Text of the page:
• Medical history: A thorough medical history helps to identify potential sources of referred pain and any underlying conditions that may be contributing to it 
  • Physical examination: A comprehensive physical examination is essential to locate the origin of referred pain. A healthcare provider might look for tenderness, muscle tightness, and signs of nerve irritation.
  • Diagnostic imaging and tests: Imaging tests like X-rays, MRI, or CT scans can be used to confirm the source of your referred pain and any underlying conditions 

Treatment and management of referred pain

Treatment should target the underlying issue of referred pain, whether it is visceral, somatic, or neuropathic. If you treat the localised pain instead of the actual injured area, the pain will persist as the underlying condition causing the pain will remain untreated.

Treatment, therefore, depends on the underlying health condition; medication, physical therapy, or even surgical intervention might be necessary. For example, jaw pain caused by a heart attack requires urgent medical attention and possibly surgery, while jaw pain resulting from trigeminal neuralgia might require specific medications.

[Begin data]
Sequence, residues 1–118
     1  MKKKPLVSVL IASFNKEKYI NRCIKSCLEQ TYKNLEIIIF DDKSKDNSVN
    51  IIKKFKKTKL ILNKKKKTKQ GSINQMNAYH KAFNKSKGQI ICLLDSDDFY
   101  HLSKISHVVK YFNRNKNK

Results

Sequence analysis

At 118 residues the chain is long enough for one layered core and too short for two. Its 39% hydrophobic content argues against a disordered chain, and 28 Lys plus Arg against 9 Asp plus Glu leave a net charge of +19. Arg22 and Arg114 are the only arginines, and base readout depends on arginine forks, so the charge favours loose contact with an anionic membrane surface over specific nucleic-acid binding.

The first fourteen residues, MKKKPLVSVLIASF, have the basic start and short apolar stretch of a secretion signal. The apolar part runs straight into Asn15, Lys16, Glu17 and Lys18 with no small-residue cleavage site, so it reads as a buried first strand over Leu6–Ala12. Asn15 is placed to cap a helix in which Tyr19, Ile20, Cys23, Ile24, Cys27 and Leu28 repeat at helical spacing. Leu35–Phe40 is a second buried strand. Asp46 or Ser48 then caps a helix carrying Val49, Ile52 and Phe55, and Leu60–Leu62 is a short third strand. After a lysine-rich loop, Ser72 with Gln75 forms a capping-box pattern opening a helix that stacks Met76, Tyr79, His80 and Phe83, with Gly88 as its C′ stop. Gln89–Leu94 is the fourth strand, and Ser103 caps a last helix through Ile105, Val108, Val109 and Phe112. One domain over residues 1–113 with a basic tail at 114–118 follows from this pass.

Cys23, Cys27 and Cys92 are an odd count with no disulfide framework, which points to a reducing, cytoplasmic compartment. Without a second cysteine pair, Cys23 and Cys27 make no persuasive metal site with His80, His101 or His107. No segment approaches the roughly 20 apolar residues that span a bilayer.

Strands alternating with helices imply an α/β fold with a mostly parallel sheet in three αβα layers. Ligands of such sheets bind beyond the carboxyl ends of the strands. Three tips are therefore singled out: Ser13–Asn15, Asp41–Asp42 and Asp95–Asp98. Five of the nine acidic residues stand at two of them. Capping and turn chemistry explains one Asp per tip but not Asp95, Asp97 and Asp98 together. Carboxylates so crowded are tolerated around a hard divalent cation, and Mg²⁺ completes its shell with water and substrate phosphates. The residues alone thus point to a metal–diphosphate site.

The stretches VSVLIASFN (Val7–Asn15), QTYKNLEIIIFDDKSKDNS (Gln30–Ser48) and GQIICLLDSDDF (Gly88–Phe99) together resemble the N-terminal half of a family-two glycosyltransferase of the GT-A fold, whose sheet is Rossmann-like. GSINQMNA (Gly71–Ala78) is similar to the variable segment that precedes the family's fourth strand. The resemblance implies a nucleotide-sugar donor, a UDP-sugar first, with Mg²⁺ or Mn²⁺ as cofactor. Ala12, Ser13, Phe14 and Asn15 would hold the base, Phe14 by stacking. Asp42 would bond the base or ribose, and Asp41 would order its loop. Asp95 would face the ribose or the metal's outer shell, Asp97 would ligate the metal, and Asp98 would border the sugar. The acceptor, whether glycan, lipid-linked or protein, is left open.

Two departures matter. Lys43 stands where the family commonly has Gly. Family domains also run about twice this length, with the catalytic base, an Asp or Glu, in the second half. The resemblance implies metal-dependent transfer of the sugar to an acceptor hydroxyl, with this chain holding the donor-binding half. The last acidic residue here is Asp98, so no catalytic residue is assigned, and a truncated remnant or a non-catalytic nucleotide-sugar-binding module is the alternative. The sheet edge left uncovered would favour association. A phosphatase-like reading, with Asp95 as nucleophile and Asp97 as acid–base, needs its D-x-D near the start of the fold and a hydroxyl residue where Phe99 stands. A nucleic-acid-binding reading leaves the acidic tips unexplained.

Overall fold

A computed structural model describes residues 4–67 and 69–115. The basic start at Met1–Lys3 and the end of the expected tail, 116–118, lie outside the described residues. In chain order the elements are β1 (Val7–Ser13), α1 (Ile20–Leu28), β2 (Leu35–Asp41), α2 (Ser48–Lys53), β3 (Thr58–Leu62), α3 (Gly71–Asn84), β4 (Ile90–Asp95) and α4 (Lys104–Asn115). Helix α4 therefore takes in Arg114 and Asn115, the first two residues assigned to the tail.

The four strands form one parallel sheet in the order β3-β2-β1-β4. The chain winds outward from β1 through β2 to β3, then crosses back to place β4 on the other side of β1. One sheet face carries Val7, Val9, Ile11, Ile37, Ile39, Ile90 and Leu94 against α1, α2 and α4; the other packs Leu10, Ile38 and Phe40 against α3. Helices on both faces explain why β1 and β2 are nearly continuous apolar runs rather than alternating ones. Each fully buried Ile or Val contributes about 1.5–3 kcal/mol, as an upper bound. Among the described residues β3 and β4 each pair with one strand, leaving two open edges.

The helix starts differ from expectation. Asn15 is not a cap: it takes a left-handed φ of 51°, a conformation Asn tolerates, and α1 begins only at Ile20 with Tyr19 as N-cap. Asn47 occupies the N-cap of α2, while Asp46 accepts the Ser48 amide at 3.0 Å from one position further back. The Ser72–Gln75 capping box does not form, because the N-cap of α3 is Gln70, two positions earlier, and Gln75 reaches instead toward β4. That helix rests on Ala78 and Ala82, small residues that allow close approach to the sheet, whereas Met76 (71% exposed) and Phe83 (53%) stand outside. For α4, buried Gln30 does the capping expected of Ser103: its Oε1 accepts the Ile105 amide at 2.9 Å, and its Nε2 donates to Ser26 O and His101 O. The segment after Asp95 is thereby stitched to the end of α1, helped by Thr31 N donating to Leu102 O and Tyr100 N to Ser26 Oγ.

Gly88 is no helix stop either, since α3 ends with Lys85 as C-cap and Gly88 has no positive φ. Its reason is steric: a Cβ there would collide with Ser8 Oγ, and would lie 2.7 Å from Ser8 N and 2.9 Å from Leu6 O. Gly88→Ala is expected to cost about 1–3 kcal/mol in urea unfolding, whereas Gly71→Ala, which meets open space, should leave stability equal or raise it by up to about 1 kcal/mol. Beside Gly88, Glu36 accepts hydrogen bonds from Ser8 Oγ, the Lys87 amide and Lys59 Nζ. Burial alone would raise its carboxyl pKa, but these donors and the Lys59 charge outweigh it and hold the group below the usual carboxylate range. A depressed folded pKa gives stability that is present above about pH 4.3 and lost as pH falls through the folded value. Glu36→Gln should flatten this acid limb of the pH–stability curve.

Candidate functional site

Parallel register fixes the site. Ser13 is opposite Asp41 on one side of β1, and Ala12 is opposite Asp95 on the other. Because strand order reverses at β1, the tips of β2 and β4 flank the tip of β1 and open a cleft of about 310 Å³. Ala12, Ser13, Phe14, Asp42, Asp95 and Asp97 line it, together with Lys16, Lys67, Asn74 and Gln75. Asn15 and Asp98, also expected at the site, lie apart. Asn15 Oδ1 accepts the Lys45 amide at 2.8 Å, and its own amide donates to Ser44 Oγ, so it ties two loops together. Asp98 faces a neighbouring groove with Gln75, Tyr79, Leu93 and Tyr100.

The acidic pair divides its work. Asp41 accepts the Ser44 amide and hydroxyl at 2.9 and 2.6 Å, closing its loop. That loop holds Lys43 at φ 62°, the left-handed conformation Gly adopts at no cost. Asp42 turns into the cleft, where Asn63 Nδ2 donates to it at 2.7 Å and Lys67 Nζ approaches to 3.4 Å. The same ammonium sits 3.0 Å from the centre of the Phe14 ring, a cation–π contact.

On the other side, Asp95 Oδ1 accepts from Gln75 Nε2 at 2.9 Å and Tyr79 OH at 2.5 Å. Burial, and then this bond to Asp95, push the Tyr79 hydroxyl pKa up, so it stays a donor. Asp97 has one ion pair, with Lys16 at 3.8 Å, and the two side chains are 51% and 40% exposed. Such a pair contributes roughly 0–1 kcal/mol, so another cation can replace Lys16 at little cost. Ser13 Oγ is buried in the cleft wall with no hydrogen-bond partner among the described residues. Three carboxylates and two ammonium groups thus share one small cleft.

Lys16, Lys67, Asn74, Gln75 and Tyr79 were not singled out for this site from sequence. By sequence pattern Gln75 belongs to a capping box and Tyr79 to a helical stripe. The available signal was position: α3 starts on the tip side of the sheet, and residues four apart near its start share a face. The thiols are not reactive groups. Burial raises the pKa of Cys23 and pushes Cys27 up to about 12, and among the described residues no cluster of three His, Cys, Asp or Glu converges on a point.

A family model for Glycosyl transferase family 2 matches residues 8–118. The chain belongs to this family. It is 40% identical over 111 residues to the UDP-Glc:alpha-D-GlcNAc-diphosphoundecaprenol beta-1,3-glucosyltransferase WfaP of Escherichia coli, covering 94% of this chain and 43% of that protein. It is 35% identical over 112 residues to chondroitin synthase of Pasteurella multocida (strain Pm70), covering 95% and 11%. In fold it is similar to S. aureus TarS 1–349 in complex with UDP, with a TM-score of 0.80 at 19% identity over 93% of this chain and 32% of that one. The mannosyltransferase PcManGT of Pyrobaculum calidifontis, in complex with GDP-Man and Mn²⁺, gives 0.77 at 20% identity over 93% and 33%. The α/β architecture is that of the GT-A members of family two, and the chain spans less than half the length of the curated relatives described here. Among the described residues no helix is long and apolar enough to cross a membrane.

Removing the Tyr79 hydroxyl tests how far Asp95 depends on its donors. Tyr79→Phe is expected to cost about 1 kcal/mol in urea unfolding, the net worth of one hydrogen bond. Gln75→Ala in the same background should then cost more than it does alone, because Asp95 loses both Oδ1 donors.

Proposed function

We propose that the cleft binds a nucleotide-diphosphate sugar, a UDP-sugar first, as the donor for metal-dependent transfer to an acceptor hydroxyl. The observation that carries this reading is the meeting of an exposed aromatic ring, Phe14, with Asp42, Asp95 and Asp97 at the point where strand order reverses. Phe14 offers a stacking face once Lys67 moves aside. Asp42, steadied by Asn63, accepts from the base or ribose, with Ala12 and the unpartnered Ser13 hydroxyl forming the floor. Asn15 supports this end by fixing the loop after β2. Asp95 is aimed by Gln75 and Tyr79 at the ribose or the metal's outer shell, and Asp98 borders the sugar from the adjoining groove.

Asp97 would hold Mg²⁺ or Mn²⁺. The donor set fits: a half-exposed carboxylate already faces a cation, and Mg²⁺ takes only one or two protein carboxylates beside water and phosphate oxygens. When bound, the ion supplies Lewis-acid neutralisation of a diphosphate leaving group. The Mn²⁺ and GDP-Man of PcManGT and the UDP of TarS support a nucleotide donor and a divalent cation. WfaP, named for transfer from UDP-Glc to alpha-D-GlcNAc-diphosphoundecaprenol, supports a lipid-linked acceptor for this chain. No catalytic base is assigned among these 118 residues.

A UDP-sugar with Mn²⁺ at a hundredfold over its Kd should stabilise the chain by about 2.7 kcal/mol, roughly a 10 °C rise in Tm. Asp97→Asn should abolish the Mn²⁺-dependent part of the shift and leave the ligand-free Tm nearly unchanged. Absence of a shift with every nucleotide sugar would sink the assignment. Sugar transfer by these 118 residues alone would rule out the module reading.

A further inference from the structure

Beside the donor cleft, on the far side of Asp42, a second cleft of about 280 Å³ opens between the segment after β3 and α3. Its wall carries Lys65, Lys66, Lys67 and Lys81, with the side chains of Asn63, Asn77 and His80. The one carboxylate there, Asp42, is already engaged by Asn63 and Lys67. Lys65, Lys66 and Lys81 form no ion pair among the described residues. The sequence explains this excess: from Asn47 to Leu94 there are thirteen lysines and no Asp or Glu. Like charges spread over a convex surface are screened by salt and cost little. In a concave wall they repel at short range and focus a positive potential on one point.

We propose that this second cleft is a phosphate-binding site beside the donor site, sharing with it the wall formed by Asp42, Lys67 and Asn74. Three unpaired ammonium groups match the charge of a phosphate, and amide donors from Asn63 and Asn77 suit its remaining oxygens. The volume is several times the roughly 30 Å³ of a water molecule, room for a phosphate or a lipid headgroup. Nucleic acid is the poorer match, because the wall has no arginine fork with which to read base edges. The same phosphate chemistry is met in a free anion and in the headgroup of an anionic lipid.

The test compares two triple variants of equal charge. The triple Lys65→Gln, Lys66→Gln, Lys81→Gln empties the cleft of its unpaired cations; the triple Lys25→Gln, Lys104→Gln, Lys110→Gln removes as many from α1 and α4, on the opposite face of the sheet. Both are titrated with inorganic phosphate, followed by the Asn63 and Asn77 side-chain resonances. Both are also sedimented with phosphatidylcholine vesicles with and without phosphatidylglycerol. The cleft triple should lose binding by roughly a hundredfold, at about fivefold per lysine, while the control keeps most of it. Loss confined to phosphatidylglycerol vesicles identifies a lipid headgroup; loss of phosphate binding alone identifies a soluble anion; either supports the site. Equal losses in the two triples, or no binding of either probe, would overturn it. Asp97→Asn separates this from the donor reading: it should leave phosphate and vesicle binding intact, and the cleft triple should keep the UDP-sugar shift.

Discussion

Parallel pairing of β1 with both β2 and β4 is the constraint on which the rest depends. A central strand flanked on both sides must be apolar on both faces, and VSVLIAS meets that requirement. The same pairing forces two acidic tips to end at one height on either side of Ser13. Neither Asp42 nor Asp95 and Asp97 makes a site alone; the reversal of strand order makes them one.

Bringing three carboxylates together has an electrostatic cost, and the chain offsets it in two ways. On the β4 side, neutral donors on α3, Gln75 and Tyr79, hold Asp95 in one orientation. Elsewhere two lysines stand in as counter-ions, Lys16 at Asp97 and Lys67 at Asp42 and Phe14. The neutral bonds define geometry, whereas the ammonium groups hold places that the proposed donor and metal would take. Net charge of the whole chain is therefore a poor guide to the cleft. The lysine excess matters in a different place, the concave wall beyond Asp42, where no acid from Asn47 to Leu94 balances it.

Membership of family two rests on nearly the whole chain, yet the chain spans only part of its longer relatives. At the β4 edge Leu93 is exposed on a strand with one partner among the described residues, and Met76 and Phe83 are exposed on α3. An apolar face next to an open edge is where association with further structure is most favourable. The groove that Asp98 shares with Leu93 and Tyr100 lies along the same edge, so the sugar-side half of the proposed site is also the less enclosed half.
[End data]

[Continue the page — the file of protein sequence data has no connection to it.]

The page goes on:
Pain management

Managing pain is a critical aspect of treatment. If you still experience pain after treating the underlying condition, or if the pain cannot be treated, your healthcare provider might recommend some treatments to help with pain relief:

Alternatively, at-home or holistic remedies could be used:

It is important to note that, although some conditions cannot be fully treated, the pain should be managed. If you are living with uncontrolled pain, consult with your healthcare provider to start a care plan.  


How can I tell if the pain I am experiencing is referred pain?

It can often be very difficult to tell whether your pain is referred pain because it can feel very similar to local pain. You might be able to tell if the pain is referred from an underlying medical condition or if you develop pain in an area that you know you haven’t directly injured. For example, it might be normal to develop shoulder pain after doing exercise or something, which could result in a pulled muscle, however, it might be a concern if you suddenly develop shoulder pain for no apparent reason.